Most Americans think it's unnecessary for the police to use military weapons as tools for law enforcement, according to a new HuffPost/YouGov poll.
According to the new poll, 28 percent of Americans think it's necessary for police to use military weapons and armored vehicles, while 51 percent think use of such items is going too far.
Democrats in the poll said by a 63 percent to 21 percent margin that they think militarization of local police is going too far, and independents said so by a 52 percent to 26 percent margin. On the other hand, Republicans were more likely to say that police use of military weapons and armored vehicles is necessary than that it's going too far, 44 percent to 34 percent.
A Reason-Rupe poll, which mentioned drones in addition to weapons and armored vehicles, had similar findings in December. In that poll, 37 percent said that such militarization is necessary and 58 percent said it's going too far.
Police militarization has come under fire recently in part because of the reaction of police in Ferguson, Missouri, to protesters there after the fatal shooting of unarmed black teenager Michael Brown by white officer Darren Wilson. Officers have used tear gas and armored vehicles among crowds of protesters, and some officers have carried assault rifles.
President Barack Obama spoke on Monday about the Pentagon program that allows local police departments to purchase many of those weapons, saying, "I think it's probably useful for us to review how the funding has gone, how local law enforcement has used grant dollars, to make sure that what they are purchasing is stuff they actually need."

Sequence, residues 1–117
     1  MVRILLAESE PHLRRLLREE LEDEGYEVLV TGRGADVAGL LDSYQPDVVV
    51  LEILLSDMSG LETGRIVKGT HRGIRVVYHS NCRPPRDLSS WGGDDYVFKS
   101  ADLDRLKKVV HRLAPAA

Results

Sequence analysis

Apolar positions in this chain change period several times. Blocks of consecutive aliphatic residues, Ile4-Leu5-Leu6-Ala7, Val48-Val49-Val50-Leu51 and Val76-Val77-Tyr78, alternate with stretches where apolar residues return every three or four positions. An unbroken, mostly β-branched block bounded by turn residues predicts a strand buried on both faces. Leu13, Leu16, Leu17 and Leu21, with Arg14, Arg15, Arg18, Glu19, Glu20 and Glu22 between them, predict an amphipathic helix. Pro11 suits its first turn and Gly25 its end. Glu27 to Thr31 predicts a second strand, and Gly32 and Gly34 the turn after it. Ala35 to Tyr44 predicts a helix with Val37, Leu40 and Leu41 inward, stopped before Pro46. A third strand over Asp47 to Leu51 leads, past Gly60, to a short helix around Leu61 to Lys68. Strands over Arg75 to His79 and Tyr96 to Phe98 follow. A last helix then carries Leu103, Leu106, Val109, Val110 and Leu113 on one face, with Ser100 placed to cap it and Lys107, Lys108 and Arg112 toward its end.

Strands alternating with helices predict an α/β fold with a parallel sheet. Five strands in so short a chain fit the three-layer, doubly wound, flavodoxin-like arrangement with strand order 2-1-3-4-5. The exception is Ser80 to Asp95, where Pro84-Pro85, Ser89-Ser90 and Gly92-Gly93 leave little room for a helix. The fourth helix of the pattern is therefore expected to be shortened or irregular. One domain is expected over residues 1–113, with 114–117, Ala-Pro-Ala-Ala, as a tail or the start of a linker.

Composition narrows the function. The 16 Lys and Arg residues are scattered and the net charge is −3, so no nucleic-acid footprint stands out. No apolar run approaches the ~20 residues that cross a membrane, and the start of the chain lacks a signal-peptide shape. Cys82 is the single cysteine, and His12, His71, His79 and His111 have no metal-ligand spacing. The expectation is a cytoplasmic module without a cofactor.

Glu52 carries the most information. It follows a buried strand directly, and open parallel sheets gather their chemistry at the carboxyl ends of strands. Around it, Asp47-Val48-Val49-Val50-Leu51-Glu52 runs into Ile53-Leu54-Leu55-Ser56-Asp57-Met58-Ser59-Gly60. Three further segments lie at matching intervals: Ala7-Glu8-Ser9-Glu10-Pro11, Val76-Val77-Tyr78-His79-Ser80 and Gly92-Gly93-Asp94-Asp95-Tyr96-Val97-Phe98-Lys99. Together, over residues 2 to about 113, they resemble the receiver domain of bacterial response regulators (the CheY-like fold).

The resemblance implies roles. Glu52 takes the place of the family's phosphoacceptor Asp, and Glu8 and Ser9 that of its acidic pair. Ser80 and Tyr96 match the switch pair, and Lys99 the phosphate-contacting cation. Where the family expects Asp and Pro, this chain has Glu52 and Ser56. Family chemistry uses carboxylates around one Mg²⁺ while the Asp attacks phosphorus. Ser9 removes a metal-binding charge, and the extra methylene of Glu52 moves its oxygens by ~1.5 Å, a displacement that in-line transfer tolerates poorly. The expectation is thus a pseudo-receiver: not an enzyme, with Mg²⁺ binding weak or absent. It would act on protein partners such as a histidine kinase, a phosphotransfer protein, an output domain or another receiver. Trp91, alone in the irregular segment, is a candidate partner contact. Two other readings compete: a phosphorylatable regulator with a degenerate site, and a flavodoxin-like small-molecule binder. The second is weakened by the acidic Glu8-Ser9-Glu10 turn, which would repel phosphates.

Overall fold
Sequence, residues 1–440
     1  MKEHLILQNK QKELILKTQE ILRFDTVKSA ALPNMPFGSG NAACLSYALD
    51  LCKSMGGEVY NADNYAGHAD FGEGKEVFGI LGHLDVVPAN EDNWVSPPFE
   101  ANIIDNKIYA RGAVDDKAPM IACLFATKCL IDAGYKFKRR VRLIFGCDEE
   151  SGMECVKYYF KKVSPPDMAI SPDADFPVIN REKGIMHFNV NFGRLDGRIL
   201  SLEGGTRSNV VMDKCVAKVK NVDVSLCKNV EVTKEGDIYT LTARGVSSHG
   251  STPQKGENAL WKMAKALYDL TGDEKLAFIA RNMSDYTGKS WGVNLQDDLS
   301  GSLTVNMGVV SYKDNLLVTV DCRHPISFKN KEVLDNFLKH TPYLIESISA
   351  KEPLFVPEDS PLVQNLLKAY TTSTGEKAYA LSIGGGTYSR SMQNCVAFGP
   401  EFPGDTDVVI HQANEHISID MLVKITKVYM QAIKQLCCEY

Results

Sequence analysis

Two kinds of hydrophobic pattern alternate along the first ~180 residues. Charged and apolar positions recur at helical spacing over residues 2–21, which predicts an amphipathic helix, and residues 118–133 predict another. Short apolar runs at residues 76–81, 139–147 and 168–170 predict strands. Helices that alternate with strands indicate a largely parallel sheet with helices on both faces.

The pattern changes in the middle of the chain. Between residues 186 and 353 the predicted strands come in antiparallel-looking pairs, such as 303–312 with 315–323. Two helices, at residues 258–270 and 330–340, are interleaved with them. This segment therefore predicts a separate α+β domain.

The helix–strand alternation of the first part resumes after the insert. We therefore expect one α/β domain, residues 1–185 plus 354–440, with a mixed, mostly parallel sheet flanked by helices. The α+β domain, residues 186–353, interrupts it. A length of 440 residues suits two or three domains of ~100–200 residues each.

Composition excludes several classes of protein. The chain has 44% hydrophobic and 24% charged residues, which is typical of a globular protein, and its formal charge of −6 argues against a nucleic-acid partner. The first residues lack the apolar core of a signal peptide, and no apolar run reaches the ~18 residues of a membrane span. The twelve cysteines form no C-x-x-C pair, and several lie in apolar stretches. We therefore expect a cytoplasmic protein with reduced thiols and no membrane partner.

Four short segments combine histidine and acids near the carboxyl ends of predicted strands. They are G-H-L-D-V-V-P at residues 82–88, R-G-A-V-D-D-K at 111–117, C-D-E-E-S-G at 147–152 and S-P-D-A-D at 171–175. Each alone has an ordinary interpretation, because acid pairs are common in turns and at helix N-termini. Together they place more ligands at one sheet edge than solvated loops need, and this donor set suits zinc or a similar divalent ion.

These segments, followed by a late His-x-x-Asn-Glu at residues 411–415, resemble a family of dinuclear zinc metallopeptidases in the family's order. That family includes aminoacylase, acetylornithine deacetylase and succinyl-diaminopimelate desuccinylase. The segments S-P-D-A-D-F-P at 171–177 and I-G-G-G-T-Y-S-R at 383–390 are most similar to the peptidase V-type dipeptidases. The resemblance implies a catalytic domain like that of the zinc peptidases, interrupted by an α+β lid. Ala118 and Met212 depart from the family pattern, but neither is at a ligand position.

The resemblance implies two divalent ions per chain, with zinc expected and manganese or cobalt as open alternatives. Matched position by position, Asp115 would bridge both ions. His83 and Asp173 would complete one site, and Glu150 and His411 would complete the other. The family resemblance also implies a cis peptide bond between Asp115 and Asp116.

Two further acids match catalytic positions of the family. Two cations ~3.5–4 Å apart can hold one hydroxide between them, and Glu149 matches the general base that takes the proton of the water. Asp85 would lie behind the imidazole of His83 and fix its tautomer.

And Rep. Hank Johnson (D-Ga.) announced last week that he would introduce legislation to scale back that program.
The HuffPost/YouGov poll was conducted Aug. 16-17 among 1,000 U.S. adults, including 117 black respondents, using a sample selected from YouGov's opt-in online panel to match the demographics and other characteristics of the adult U.S. population. Factors considered include age, race, gender, education, employment, income, marital status, number of children, voter registration, time and location of Internet access, interest in politics, religion and church attendance.
The Huffington Post has teamed up with YouGov to conduct daily opinion polls. You can learn more about this project and take part in YouGov's nationally representative opinion polling. Data from all HuffPost/YouGov polls can be found here.
How to vote
Vote-by-mail ballot request deadline: Varies by state
For the Nov 3 election: States are making it easier for citizens to vote absentee by mail this year due to the coronavirus. Each state has its own rules for mail-in absentee voting. Visit your state election office website to find out if you can vote by mail.Get more information
In-person early voting dates: Varies by state
Sometimes circumstances make it hard or impossible for you to vote on Election Day. But your state may let you vote during a designated early voting period. You don't need an excuse to vote early. Visit your state election office website to find out whether they offer early voting.My Election Office
General Election: Nov 3, 2020
Polling hours on Election Day: Varies by state/localityMy Polling Place